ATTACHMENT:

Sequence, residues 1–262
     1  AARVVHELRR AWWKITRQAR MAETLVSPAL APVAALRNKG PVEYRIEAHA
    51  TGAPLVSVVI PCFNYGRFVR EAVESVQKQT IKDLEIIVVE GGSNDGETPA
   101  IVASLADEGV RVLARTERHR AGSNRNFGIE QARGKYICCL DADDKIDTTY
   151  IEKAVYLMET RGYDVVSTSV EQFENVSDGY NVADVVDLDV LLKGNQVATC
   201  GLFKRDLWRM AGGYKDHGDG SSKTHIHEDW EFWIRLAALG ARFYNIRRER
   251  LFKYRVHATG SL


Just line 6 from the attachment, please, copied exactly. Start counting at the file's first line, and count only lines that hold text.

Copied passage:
   201  GLFKRDLWRM AGGYKDHGDG SSKTHIHEDW EFWIRLAALG ARFYNIRRER